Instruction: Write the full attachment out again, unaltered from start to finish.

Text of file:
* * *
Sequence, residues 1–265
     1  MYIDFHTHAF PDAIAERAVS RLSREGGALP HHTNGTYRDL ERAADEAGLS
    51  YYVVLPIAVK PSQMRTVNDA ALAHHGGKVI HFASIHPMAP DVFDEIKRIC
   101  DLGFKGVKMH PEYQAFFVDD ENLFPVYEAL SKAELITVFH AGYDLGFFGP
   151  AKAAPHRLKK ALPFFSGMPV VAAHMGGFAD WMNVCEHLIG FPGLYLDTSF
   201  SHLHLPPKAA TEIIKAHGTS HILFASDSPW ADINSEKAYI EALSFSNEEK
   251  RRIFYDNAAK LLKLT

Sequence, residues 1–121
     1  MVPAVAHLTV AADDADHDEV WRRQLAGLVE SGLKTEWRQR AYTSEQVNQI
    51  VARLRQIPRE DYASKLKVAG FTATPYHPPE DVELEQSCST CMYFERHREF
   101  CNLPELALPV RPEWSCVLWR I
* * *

Sequence, residues 1–265
     1  MYIDFHTHAF PDAIAERAVS RLSREGGALP HHTNGTYRDL ERAADEAGLS
    51  YYVVLPIAVK PSQMRTVNDA ALAHHGGKVI HFASIHPMAP DVFDEIKRIC
   101  DLGFKGVKMH PEYQAFFVDD ENLFPVYEAL SKAELITVFH AGYDLGFFGP
   151  AKAAPHRLKK ALPFFSGMPV VAAHMGGFAD WMNVCEHLIG FPGLYLDTSF
   201  SHLHLPPKAA TEIIKAHGTS HILFASDSPW ADINSEKAYI EALSFSNEEK
   251  RRIFYDNAAK LLKLT

Sequence, residues 1–121
     1  MVPAVAHLTV AADDADHDEV WRRQLAGLVE SGLKTEWRQR AYTSEQVNQI
    51  VARLRQIPRE DYASKLKVAG FTATPYHPPE DVELEQSCST CMYFERHREF
   101  CNLPELALPV RPEWSCVLWR I